Dog Soldiers Movie Review
I'm guessing the "dog soldiers" in question are the bipedal werewolf creatures who attack our would-be heroes, a group of military soldiers on an exercise in the Scottish highlands. (Then again, for all I know, they're meant to be the dog soldiers.) When the soldiers come across another squad -- their torn-up remains, anyway -- they realize their little wargame has become a fight for survival against the werewolves on the loose.
If you can call them werewolves, that is. These dog-men look like normal people in tights with dog-head masks and long-clawed gloves. More laughable than scary, the movie degenerates into garden-variety horror as the soldiers hole up in local shack and fend off the creatures. Whether beating them back out of windows with pots and pans or recreating the obligitory arm-caught-in-the-slamming-door scene, the body count rises regardless, thanks to the inability of the soldiers to sit still until morning (when the full moon's effect will be gone and the creatures will turn back into people).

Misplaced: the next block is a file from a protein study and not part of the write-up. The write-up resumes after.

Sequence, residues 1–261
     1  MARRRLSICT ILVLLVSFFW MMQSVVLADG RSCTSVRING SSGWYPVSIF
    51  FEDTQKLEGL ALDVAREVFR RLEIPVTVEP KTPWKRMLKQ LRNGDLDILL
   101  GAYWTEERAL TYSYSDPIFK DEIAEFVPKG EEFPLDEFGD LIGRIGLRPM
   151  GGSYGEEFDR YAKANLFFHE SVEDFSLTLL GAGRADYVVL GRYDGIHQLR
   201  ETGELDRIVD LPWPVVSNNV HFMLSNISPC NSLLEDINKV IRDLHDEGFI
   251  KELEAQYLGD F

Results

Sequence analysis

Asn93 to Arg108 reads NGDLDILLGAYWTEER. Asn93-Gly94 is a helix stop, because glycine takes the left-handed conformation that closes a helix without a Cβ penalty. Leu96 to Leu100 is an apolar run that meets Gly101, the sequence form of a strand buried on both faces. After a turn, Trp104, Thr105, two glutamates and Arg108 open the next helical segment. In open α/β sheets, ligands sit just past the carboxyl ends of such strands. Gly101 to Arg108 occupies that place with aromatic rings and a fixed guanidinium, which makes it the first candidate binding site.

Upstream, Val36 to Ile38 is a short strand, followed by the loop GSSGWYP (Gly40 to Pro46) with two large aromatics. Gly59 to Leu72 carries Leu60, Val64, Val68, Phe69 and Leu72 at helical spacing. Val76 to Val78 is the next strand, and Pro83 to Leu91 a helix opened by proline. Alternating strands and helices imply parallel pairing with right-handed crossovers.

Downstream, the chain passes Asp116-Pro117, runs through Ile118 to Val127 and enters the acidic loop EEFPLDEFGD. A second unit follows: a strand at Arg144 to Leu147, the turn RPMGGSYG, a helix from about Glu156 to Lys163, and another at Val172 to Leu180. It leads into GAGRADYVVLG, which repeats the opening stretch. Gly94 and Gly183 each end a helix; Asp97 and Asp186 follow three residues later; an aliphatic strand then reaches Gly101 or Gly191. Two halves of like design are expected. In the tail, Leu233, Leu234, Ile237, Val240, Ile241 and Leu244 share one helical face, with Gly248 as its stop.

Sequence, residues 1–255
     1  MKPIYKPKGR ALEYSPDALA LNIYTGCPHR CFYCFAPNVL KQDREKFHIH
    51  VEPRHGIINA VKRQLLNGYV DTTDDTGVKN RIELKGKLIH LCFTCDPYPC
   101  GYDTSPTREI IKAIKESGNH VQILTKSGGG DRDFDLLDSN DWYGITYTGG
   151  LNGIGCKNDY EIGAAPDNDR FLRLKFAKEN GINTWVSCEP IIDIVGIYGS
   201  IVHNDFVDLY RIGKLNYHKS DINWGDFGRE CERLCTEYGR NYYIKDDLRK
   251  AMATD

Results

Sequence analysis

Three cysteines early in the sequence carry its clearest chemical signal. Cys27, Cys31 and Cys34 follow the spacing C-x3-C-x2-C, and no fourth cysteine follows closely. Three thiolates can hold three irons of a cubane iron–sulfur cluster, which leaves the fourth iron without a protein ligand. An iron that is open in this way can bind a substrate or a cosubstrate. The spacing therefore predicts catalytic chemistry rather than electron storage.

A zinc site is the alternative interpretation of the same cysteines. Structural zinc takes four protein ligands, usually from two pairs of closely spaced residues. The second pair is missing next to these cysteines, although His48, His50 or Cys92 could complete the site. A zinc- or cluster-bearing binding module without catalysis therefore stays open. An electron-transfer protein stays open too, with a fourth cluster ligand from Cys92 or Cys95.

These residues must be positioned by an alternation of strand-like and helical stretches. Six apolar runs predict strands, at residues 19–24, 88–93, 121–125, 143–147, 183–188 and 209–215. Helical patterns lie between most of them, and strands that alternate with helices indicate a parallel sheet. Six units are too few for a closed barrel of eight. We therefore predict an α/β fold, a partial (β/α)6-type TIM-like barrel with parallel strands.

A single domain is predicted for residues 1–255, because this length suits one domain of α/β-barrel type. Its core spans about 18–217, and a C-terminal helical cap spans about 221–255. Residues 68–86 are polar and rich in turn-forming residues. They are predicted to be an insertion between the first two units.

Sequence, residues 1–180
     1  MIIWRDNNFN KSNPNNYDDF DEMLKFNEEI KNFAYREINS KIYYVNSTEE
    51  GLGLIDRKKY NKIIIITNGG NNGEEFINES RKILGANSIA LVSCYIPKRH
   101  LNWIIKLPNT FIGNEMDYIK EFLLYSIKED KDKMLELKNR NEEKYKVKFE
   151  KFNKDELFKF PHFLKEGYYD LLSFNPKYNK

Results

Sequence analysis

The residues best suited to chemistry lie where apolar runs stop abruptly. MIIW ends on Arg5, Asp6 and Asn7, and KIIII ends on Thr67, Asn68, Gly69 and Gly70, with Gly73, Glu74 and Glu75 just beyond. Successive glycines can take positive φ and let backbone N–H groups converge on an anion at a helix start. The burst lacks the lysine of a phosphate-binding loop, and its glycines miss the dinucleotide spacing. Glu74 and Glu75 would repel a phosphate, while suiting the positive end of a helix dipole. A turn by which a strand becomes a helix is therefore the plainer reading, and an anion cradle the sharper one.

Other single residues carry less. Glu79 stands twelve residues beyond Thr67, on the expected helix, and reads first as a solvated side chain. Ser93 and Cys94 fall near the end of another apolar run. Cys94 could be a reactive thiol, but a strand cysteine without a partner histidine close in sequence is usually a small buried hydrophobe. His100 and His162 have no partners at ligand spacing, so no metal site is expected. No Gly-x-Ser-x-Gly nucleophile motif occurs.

Much of Dog Soldiers consists of the characters just sitting around, with the soldiers jabberring in soldier-speak. The first half hour is dreadfully slow as nothing at all happens. Once they're in the house, the slowness continues, as idiotic plan after idiotic plan ends up failing. I've got no military training, but I'm convinced I could keep a family of five blind, crippled, Amish people alive in this situation better than these British soldiers do at keeping themselves kicking.